One of things that continues to amaze me is that making good coffee is no secret, and has been known how for a long time. This evening while getting out the recipe from the Joy of Cooking circa 1971 I came across the coffee section of the book. Now 1971 is not that long ago in all reality, but it seems like it was not that long ago that there was not even a Starbucks everywhere. And so in those Dark Ages people must not have known how to make good coffee.
The interesting thing about this section of the book is that they give a few recipes about coffee drinks and some basic parameters for making different drinks similar to what you can find here on Roaste, but their general advice for making coffee is still valid today;
"Whatever device you choose...use not less than 2 level tablespoons of coffee to each 3/4 cup of freshly drawn water...use soft but not soften or hard water; when brewing coffee keep the coffeemaker almost full; time your method consistently; keep the coffee maker scupulously clean...never boil coffee...water between 200-205 is ideal for extracting flavor without drawing acids."
I was also impressed by the illustration that they provided with the coffee section siting that filter coffee from the Chemex was the best way to make it for the connoisseur, the same basically applies today.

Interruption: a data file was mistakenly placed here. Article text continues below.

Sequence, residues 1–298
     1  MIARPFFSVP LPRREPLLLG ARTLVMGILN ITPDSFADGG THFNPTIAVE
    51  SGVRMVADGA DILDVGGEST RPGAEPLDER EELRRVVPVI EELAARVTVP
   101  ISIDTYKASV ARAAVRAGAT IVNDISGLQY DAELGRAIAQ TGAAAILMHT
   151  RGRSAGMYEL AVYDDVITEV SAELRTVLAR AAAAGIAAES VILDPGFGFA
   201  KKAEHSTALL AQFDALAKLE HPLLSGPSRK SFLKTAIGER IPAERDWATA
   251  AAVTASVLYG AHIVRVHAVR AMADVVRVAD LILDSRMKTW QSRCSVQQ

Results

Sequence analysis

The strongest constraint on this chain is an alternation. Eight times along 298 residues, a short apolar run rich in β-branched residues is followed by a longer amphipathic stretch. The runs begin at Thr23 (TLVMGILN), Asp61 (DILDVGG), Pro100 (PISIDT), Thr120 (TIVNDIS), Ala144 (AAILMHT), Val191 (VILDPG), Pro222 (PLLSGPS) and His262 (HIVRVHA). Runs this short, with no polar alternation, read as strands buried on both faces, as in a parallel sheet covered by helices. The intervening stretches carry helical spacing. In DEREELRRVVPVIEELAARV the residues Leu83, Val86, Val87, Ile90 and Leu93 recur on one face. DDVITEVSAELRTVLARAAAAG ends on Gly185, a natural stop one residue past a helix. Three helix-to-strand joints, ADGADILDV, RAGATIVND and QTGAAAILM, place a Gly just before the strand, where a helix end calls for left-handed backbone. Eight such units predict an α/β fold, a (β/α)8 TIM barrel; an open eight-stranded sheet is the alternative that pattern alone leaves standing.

/files/u13866/2012-01-19_20_31_23.jpg" width="410" height="308" />
The espresso machine in the picture is pretty interesting as well, as it appears to be some sort of pressure driven device, but without a lever. Seems like it must be some sort of moka pot cross over with an espresso machine, all in all really interesting.
Speaking of finding coffee everywhere next time anyone is in a big city take some time to look around if you are in and older area, you might be surprised with finding some old painted coffee ads painted on the side of buildings, I've seen a few in San Francisco and will have to take pictures next time!
Comments will be approved before showing up.